• London has a hierarchy of roads ranging from major
radial and orbital trunk roads down to minor "side streets.
• which works in conjunctionwitha GPS,
• enables drivers toselectanoptionwhere accelerationis stoppedautomatically at the speed
limit specific toany road inLondon ,
• The unit can be disabledat the touchof a button
• 3.1 MAJOR ROUTES
• There are many major routes inLondon
• There are also three ring roads linking these routes.
• The innermost
• the Inner Ring Road
the congestioncharging zone inthe city center.
• 3.2 DISTRIBUTOR AND MINOR ROUTES
• The major roads are supplementedby a host of standardmain roads
• They linkedsuburbs witheachother
• deliver traffic fromthe ends of the major routes intothe city center.
• These non-strategic roads only carry local traffic.
3.3 CONGESTION CHARGE
• a radical scheme to charge motorists £5 per day for driving vehicles
• within a designated area of central London during peak hours
• London Congestion Pricing
DATE ,February 2003
LOCATION ,city of London
REGULATION charged a fee for driving private automobiles
TIME during weekdays 7:00 amand 6:30 pm
REASON to reduce traffic congestion
1. licensed taxis,
2. vehicles used by disabled people
3. some alternative fuel vehicles
5. emergency vehicles
6. area residents receive a 90% discount on annual passes.
• A basic economic principle is that consumers should pay directly for the costs they
• impose as an incentive to use resources efficiently.
• Urban traffic congestion is often cited as an example:
• if road spaceis unpriced traffic volumes will increase until congestion limits further growth.
• Trondheim , Oslo, Bergen (Norway)
Central London is particularly suitable for congestion pricing because of its limited road
• capacity (the streets network in the core area is hardly expanded)
heavy travel demand result in severecongestion
relatively good travel alternatives, including walking, taxi, bus and subway services, which are
used by mosttravelers.
ONLY ABOUT10% OF PEAK-PERIOD TRIPS WERE MADEBY PRIVATE AUTOMOBILE.
(15%) discounts if the driver pay weekly or monthly
If driver didn’t pay they sent a £80 fine. ‘This fine is reduced to £40 if paid within two weeks, and
increases to £120 if not paid after a month
Signs and Symbols Entering the Charging Area
• Over one millionLondoners own bicycles but 2 per cent of all
The Barclays Cycle Hire scheme at 2010
• Aims to provide 6,000 bicycles for rental.
main roads within
west London railway
• Bikes are available at a number of docking stations inCentral London
• Trade-off of benefits to harm for cycling incentral London: effects by age and sex, per million
populations (althoughfewolder people usedcycle hire). Benefitscome throughimpacts on
diseases relatedtophysical activity, harms come fromexposure toroad traffic injuries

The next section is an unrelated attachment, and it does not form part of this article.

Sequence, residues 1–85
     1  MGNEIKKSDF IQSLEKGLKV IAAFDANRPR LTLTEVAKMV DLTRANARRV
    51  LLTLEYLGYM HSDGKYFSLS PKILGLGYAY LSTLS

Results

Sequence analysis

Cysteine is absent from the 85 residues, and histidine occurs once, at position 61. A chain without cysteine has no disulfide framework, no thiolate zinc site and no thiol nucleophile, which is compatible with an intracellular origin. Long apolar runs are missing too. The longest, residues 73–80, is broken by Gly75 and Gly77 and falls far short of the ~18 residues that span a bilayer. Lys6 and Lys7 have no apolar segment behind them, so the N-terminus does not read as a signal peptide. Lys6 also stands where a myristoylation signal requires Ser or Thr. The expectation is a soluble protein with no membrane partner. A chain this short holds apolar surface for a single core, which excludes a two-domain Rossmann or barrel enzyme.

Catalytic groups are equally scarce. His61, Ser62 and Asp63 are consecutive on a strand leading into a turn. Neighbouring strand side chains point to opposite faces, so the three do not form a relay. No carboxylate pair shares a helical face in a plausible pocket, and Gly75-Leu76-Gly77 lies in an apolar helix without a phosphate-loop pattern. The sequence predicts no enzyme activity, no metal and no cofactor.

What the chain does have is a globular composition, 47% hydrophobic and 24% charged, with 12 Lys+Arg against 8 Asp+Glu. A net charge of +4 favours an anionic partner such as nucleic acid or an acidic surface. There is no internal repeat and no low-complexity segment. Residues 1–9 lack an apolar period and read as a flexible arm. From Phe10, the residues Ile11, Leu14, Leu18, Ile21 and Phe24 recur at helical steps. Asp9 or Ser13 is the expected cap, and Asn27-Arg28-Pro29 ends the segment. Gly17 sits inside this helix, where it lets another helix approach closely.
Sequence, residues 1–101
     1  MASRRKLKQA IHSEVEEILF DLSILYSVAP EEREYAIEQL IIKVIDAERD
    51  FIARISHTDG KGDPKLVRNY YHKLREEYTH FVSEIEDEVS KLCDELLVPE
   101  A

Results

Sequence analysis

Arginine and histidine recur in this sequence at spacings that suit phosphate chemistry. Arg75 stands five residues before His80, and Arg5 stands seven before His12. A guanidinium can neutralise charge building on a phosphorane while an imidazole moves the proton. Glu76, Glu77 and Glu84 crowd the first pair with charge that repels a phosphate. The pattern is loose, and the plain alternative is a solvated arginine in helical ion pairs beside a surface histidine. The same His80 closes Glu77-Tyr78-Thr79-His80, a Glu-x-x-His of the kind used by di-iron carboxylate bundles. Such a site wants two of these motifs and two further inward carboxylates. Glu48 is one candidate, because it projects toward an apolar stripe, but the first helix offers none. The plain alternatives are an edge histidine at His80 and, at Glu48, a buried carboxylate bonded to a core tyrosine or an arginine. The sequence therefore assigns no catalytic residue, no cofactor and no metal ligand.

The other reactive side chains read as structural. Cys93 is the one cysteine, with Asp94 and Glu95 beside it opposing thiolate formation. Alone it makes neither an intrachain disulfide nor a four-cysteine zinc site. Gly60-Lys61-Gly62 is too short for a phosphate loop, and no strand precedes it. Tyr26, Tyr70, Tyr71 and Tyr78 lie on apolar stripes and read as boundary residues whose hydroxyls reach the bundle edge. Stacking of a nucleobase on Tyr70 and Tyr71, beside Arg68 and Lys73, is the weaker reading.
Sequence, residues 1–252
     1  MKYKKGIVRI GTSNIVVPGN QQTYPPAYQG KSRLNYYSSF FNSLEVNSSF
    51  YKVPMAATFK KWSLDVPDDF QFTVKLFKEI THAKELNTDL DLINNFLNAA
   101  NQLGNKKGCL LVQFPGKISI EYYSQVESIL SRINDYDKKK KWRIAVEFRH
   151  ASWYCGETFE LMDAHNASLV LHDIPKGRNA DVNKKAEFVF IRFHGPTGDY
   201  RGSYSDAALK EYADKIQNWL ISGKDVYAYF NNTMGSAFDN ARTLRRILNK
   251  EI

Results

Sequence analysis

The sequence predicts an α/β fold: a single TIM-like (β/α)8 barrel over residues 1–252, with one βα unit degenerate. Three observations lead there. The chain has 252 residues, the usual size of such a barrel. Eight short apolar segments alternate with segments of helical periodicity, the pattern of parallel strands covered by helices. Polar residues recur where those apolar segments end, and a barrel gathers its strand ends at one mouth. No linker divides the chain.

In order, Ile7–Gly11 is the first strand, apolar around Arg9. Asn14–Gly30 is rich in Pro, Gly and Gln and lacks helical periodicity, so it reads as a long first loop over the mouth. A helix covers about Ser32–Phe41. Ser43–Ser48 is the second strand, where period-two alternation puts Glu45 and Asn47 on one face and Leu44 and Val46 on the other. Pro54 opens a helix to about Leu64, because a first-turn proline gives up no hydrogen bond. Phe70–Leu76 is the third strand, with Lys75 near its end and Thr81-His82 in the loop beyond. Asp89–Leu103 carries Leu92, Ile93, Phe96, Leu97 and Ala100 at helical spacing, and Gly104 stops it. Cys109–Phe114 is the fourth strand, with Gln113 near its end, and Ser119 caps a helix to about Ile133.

• 5 BUSES AND BUS RAPID TRANSIT
• The reddouble-decker is internationally recognizedas Britishicon
• every weekday carrying about six millionpassengers onover 700 different routes.
• for local journeys, it carries more passengersthanthe Underground.
• Also100-route night bus service is alsooperated, providing a24-hour service.
• 6 TAXIS
• The iconic black cab remains a common sight.
• They are drivenby the only taxicabdrivers inthe worldwho have spent at least three years
learning the city's road network togain
• 6.2 HORSE-DRAWN VEHICLES
• More than 70 years after horse-drawncarriages wererestrictedfromthe West End,
Westminster City Council has announcedthat it will consider supporting applications to
reintroduce themfor sightseeing tours acrossthe city
• 7 AIRPORTS
• London is the best servedcity by airports inthe worldwithalmost 150 millionpassengers.
Proposal bike rout in London
Weekday journey bike rout in London
bike rout in London
• London City
• London SouthendAirport
• 8.1 RIVER THAMES
• the river was one of London's main transport arteries.
• Althoughthis is no longer the case,
• passenger services have seensomething of a revival since the creationin1999 of London
• 8.2 CANALS
• These canals were originally built inthe Industrial Revolutionfor the transport of coal. raw
• Althoughthey now carry few goods, they are popular with
• private narrow boat users and leisure cruisers
• a regular "water bus"service operatesalong the Regent's Canal during the summer months.
• 8.3 CARGO
• Some bulk cargoes are carriedonthe Thames, this use. London's port used tobe the country's
busiest whenit was locatedin Central London and east London's Docklands
• The Condition, Improvement and Town Planning of the City of Calcutta and contiguous area (by Richards report)
• Hanson, Neil (2001). The Dreadful Judgement: The True Storyof the Great Fire of London. New York: Doubleday. For a review
of Hanson's work, see Lauzanne, Alain. "Revue pluridisciplinaire du monde anglophone". Cercles. Retrieved 12 October 2006.
• Hanson, Neil (2002). The Great Fire of London: In That Apocalyptic Year, 1666. Hoboken, New Jersey: John Wiley and Sons. A
"substantially different" version of Hanson's The Dreadful Judgement (front matter).
• Leasor, James (1961,2011). The Plague and the Fire.
• Morgan, Kenneth O. (2000).Oxford Illustrated History of Britain. Oxford: Oxford.
• Pepys, Samuel (1995). Robert Latham and William Matthews (eds.), ed. The Diary of Samuel Pepys, Vol. 7. London: Harper
• First published between 1970 and 1983,by Bell & Hyman, London. Quotations from and details involving Pepys are taken
from this standard, and copyright, edition. All web versions of the diaries are based on public domain 19th century editions
and unfortunately contain many errors, as the shorthand in which Pepys' diaries were originally written was not accurately
transcribed until the pioneering work of Latham and Matthews.
• Porter, Roy (1994). London: A Social History. Cambridge: Harvard.
• Reddaway, T. F. (1940). The Rebuilding of London after the Great Fire. London: Jonathan Cape.
• Transport in London From Wikipedia, the free encyclopedia
• T&E (2003),Congestion Pricing in London, A European Perspective, European Federation for Transport and Environment
• London Congestion Pricing Implications for Other Cities 24 November 2011 by Todd Litman Victoria Transport Policy Institute
• Travel in London TfL. Retrieved 9 August 2014.
• Martin, Andrew. Underground, Overground a Passenger's History of the Tube. London: Profile.
• Transport for London (2011). Casualties in Greater London during 2009 and 2010
• Department for Transport, central government department overseeing the national railway network